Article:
alexa Supplemental perioperative oxygen and the risk of surgical wound infection: a randomized controlled trial.
Pathology

Pathology

Journal of Clinical & Experimental Pathology

Author(s): Belda FJ, Aguilera L, Garca de la Asuncin J, Alberti J, Vicente R

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CONTEXT: Supplemental perioperative oxygen has been variously reported to halve or double the risk of surgical wound infection. OBJECTIVE: To test the hypothesis that supplemental oxygen reduces infection risk in patients following colorectal surgery. DESIGN, SETTING, AND PATIENTS: A double-blind, randomized controlled trial of 300 patients aged 18 to 80 years who underwent elective colorectal surgery in 14 Spanish hospitals from March 1, 2003, to October 31, 2004. Wound infections were diagnosed by blinded investigators using Centers for Disease Control and Prevention criteria. Baseline patient characteristics, anesthetic treatment, and potential confounding factors were recorded. INTERVENTIONS: Patients were randomly assigned to either 30% or 80% fraction of inspired oxygen (FIO2) intraoperatively and for 6 hours after surgery. Anesthetic treatment and antibiotic administration were standardized. MAIN OUTCOME MEASURES: Any surgical site infection (SSI); secondary outcomes included return of bowel function and ability to tolerate solid food, ambulation, suture removal, and duration of hospitalization. RESULTS: A total of 143 patients received 30% perioperative oxygen and 148 received 80% perioperative oxygen. Surgical site infection occurred in 35 patients (24.4%) administered 30% FIO2 and in 22 patients (14.9%) administered 80% FIO2 (P=.04). The risk of SSI was 39% lower in the 80% FIO2 group (relative risk [RR], 0.61; 95% confidence interval [CI], 0.38-0.98) vs the 30% FIO2 group. After adjustment for important covariates, the RR of infection in patients administered supplemental oxygen was 0.46 (95% CI, 0.22-0.95; P = .04). None of the secondary outcomes varied significantly between the 2 treatment groups. CONCLUSIONS: Patients receiving supplemental inspired oxygen had a significant reduction in the risk of wound infection. Supplemental oxygen appears to be an effective intervention to reduce SSI in patients undergoing colon or rectal surgery.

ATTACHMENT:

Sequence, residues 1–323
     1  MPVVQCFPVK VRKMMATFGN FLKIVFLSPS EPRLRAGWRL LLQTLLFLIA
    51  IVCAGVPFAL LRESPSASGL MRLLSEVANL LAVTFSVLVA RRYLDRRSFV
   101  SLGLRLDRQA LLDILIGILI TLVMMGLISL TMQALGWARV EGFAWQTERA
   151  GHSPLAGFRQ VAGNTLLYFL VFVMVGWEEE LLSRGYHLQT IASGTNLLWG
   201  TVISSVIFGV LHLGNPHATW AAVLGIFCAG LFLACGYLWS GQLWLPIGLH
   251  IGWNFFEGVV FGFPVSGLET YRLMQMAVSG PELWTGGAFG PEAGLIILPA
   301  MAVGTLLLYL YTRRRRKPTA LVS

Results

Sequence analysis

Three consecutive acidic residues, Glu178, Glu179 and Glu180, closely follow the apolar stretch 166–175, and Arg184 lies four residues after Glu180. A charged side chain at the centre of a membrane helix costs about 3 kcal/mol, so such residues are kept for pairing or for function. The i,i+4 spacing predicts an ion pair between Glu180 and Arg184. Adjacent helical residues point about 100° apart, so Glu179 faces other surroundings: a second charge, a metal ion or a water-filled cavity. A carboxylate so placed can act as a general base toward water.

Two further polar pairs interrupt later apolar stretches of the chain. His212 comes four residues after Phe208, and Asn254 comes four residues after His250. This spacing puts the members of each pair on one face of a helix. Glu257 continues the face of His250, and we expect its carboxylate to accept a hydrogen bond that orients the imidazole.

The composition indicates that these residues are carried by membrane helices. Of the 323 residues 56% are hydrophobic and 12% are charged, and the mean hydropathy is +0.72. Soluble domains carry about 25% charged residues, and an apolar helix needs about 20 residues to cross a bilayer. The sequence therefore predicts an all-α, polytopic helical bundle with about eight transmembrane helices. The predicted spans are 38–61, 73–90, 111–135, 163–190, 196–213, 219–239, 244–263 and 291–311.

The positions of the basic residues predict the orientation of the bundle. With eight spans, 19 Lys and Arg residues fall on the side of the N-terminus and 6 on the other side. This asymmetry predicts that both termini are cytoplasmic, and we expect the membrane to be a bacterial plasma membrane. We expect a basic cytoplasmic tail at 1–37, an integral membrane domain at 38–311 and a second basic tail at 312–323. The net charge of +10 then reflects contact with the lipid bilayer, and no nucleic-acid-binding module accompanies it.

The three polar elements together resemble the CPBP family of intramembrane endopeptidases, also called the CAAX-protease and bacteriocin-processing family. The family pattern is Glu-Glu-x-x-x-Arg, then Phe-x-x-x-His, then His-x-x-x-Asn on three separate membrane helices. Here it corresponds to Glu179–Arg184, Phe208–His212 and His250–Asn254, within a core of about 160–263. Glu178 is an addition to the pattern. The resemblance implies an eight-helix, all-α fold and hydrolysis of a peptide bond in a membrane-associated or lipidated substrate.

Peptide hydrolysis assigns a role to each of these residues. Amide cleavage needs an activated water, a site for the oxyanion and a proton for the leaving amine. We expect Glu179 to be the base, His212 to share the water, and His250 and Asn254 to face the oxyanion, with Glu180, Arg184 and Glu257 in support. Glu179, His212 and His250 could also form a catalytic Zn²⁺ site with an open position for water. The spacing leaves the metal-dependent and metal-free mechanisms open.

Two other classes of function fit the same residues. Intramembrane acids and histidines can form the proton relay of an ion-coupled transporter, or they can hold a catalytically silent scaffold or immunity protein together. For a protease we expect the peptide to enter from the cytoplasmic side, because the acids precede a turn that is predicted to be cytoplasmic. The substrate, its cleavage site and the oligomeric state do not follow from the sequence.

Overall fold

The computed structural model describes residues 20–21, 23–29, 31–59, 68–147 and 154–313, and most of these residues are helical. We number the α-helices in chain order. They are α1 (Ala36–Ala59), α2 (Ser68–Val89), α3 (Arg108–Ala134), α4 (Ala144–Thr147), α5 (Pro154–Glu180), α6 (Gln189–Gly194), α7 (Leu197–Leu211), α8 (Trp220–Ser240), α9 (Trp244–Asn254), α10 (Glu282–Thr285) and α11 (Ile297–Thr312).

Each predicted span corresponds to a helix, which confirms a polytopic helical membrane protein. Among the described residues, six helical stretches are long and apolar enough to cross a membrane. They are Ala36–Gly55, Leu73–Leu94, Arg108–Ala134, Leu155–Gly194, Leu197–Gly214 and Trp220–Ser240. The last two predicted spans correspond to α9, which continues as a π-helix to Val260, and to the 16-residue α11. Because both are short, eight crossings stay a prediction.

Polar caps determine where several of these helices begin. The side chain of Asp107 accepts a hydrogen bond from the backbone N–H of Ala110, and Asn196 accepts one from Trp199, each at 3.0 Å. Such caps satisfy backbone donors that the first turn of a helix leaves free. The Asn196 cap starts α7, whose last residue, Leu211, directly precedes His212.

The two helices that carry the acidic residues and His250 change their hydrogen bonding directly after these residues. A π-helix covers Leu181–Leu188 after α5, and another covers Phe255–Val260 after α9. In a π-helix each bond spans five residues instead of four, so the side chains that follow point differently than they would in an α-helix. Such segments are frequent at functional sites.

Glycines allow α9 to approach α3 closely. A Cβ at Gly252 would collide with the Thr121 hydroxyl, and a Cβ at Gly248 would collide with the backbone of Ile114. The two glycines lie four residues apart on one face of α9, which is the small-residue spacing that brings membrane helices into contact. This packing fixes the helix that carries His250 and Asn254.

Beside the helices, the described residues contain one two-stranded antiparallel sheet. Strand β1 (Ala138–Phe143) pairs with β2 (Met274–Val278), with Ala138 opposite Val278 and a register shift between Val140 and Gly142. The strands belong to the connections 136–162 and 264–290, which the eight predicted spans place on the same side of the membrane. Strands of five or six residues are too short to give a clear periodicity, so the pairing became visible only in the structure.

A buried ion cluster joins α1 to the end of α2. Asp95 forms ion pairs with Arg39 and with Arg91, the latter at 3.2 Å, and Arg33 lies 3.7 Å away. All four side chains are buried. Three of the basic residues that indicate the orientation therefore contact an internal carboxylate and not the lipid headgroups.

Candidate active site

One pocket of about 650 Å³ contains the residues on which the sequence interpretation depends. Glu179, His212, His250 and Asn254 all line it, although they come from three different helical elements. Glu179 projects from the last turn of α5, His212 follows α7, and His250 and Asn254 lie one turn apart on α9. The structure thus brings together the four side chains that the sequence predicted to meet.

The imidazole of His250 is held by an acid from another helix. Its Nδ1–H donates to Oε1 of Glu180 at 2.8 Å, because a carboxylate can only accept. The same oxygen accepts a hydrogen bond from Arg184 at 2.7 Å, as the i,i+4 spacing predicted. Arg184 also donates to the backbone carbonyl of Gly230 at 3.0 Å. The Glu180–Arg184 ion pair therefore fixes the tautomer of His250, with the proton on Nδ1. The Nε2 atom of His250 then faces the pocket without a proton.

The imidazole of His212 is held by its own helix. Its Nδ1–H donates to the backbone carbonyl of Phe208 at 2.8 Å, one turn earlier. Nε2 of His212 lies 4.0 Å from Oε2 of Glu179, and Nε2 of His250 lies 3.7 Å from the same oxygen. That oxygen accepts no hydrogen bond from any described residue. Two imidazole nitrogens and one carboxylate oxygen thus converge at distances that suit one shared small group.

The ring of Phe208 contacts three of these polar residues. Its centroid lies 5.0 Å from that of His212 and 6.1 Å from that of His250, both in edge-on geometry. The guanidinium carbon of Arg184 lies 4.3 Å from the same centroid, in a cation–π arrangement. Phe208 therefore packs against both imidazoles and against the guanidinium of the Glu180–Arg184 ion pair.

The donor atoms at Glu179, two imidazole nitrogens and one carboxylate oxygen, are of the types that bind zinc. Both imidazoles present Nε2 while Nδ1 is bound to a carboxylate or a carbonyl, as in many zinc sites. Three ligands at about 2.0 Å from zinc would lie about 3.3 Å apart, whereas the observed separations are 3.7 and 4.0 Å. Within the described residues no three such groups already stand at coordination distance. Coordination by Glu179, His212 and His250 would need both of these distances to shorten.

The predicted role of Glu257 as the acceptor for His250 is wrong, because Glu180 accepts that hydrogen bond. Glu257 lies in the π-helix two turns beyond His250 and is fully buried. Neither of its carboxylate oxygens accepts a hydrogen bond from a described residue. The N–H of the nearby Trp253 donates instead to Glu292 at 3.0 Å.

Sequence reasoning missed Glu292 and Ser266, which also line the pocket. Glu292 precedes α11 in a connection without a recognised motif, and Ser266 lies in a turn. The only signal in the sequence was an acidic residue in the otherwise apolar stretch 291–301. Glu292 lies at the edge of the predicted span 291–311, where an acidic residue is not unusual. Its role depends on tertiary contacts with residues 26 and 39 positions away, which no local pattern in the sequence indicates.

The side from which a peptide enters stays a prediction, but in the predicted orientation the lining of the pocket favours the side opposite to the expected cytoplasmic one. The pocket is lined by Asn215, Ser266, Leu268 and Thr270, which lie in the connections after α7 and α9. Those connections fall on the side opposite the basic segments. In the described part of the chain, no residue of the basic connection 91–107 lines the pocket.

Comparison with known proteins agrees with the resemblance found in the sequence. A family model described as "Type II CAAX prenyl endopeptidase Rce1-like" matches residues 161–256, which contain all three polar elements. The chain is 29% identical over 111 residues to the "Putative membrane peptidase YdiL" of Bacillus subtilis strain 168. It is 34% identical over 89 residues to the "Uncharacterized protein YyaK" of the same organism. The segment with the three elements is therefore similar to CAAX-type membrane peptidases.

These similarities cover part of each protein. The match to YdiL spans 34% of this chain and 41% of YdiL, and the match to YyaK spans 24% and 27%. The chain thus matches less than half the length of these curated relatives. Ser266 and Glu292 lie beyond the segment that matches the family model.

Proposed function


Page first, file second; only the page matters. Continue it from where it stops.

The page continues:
This article was published in JAMA and referenced in Journal of Clinical & Experimental Pathology

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